Norwich City, making their third visit to Wembley, won their first trophy there, when they beat Sunderland 1-0 in the League Cup Final on 24 March, but disappointment followed the celebrations when they were relegated from the First Division.

Manchester United finally won a tug-of-war with Cologne for Gordon Strachan. Cologne appealed to Uefa, claiming that Aberdeen had previously agreed to sell Strachan to them. When Strachan joined United for £500,000 on 8 August, Aberdeen were ordered to pay Cologne £100,000 compensation.

Terry Venables, in his first season in charge of Barcelona, won the Spanish League title with four games to spare. It was Barcelona's first title in 11 years.

Harry Catterick, the former Everton Manager, died on 9 March while watching a match at Goodison Park.

Tottenham Hotspur broke a long-standing jinx when Garth Crooks scored the only goal to beat Liverpool on 18 March, it was their first victory at Anfield since 1912.

Wolverhampton Wanderers, who once again barely avoided going out of business, returned to the Third Division for the first time in 61 years. They went 19 matches without a win between November and April. Tommy Docherty, who said, "Relegation was the outcome of 15 years of neglect," was fired as manager on 4 July.

Acknowledgement Chris Nawrat & Steve Hutchings. Illustrated History Of Football.

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Reader Comments (41)

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Barry Williams
1 Posted 01/05/2021 at 00:53:58
Amazed no one has commented yet!

Brilliant article John.

This particularly hit home with me.

''Stoke City set a First Division record by scoring only 24 goals in 42 matches as they finished bottom of the table.''

I was a fourteen year old on holiday in the Algarve and met a Stoke fan and I took the mickey out of him... he was a nice good humoured chap. I think, without checking, that they won 3 games that season and one was against Man Utd!

I might be wrong.

That was the football I grew up on. I am hanging onto the modern game by a thread, especially since my main sport for about 30 years has been boxing.

Kieran Kinsella
3 Posted 01/05/2021 at 01:13:58

I knew he'd been around for a while but I didn't realize Gordon Taylor had been running the PFA for my entire life.

Few other things that caught my attention, Jason Dozell never quite lived up to expectations, Viv Anderson great player and a brave pioneer facing down racists, and Wolves almost going under before the Steve Bull era. Great article!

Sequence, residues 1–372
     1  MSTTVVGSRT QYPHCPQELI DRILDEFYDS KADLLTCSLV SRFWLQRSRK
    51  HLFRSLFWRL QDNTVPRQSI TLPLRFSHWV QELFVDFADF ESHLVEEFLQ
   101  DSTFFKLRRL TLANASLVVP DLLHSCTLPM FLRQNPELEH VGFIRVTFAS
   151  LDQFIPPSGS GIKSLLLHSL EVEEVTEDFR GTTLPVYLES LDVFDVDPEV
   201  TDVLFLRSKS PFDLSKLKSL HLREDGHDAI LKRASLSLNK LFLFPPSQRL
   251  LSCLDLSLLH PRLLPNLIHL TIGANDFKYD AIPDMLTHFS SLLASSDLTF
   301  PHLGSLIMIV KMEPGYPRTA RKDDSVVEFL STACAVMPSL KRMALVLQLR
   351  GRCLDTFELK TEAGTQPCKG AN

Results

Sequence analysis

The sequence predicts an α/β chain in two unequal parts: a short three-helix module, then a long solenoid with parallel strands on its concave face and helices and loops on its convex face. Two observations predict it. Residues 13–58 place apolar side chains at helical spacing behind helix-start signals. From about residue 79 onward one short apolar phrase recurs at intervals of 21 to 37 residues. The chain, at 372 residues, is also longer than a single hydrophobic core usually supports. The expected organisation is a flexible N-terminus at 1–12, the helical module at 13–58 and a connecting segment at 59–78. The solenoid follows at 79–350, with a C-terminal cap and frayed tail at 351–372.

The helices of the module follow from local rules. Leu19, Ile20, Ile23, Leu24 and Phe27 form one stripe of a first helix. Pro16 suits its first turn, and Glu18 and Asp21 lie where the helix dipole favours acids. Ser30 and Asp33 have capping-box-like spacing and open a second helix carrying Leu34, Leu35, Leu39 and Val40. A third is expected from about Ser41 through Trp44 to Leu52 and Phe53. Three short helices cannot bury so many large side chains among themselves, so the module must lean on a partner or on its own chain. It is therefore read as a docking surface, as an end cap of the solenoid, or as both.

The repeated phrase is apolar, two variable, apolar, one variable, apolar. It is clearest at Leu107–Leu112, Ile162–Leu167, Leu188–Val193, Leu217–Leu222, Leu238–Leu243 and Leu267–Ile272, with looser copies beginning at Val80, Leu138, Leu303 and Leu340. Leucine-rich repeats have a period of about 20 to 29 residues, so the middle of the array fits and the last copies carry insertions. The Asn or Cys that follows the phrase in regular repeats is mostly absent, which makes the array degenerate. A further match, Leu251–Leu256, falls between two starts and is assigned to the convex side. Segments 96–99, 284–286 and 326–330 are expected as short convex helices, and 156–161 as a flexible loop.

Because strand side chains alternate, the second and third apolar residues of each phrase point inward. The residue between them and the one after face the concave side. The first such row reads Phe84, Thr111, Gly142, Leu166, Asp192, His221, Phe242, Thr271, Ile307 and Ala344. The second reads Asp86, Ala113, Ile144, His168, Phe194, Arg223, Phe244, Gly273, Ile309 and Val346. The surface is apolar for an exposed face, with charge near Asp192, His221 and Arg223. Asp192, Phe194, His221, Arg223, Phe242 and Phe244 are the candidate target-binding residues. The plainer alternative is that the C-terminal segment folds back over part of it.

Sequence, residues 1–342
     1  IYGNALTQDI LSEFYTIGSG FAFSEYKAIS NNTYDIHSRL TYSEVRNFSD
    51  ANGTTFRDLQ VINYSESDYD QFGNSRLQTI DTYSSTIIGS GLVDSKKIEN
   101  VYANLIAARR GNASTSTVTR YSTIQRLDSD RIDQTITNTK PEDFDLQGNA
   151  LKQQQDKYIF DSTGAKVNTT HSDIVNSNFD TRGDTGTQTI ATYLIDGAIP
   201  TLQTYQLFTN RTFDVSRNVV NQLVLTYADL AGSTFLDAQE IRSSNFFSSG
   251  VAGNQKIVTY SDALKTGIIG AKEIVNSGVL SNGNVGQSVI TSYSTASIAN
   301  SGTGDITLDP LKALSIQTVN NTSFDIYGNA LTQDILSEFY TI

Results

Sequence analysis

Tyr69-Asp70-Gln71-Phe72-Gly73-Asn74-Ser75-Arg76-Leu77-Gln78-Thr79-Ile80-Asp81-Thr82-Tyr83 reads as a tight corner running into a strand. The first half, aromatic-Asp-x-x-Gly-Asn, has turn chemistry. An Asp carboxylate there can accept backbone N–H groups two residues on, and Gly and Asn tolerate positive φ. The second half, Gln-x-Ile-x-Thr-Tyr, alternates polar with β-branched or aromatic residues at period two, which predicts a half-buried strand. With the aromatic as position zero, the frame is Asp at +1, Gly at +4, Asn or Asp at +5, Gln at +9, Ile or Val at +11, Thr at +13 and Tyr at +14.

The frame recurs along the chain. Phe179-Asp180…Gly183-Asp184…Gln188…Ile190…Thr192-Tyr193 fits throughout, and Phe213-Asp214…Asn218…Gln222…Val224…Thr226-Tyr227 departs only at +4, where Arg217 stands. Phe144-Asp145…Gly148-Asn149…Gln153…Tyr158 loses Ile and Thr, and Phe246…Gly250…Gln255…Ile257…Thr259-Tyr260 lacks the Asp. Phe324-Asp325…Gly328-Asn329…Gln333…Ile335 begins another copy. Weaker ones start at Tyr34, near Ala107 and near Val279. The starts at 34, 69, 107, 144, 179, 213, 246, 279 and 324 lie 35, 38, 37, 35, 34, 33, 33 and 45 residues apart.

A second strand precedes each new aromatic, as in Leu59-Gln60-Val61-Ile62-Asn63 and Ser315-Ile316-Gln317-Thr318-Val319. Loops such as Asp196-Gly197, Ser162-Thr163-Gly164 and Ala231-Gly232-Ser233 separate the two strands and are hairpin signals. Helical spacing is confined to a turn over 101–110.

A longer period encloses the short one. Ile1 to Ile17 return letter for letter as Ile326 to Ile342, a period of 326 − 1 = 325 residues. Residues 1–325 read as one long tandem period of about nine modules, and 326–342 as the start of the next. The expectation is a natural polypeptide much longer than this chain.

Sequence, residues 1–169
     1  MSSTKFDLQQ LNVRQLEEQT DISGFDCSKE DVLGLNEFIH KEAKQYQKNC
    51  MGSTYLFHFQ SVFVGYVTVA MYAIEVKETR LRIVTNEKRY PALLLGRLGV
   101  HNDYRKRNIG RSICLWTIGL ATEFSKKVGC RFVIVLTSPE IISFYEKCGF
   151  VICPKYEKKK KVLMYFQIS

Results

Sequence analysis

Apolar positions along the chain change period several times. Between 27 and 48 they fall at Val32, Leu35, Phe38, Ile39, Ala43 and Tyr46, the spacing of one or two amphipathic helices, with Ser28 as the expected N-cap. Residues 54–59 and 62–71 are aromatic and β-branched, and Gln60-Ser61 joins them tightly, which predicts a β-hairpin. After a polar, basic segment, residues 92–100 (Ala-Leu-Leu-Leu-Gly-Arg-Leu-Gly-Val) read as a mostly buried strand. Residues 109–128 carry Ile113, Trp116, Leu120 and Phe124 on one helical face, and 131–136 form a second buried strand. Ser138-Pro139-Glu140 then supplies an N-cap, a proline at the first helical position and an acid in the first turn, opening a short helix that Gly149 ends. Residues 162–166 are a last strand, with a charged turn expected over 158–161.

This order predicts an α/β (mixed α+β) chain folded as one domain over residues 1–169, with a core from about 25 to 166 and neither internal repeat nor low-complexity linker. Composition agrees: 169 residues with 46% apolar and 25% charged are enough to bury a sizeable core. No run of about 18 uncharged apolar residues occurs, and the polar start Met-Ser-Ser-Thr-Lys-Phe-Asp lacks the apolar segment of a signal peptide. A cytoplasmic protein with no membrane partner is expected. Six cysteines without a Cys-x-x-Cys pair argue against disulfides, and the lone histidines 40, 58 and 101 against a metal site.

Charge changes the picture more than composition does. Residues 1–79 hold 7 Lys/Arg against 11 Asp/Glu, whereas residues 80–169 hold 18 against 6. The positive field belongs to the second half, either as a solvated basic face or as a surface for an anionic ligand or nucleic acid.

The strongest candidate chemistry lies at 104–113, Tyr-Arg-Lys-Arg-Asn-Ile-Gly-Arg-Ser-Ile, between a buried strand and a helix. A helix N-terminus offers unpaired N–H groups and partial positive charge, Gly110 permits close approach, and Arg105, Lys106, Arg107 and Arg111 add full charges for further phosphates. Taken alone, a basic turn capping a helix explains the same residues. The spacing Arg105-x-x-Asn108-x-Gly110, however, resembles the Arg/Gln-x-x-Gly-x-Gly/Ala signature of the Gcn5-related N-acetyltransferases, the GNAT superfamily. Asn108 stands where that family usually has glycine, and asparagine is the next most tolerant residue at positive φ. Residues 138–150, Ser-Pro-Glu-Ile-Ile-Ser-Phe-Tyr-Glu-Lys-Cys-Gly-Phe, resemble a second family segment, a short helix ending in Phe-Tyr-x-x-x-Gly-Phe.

Darren Hind
5 Posted 01/05/2021 at 06:33:24
Thank you, John.

In an age where we have somehow allowed the lines to be blurred between Stats, Rumour and what Garry Neville said, it's an absolute delight to read simple facts.

I already knew a lot of the stuff you include, but little details kinda remind and clarify. For instance, I knew we had lost both Dixie and Catterick in the most fitting way (at Goodison Park), but I hadn't realised both died in March almost 5 years to the day.

And Pat Jennings a thousand matches? We all (the arl fellas) knew this, but sometimes we need a gentle reminder of things we already know. I don't think many people would leave Pat out of their list of all-time top five keepers.

It must also be said that there is an awful lot of stuff in there that I was hearing about for the first time too and there is a talking point in just about every one of them.

I've blamed Sky for everything, but reading that Man Utd paid close to £1M for two players all the way back in 1977-78 makes me realise the game had already started to go bananas.

A lot of time, effort and research goes into these articles. Not only are they informative, they bring back many memories.

Take a bow, John.

Paul Birmingham
6 Posted 01/05/2021 at 07:38:00
Those were the days, John, and a reality check on football and how it's changed.

The last couple of weeks has also shown that the spirit and camaraderie of the Football League from those days was at its turning point, never to be the same.

I'm still hoping there is just punishment for the septic six clubs.

Great read and some great footballers.

I was at the derby when Dixie passed, Nulty got finished, too, it seems like yesterday, and the FA Cup game when Catterick passed, when Physcho Pat done that flick and we got the draw, and beat Ipswich in the replay.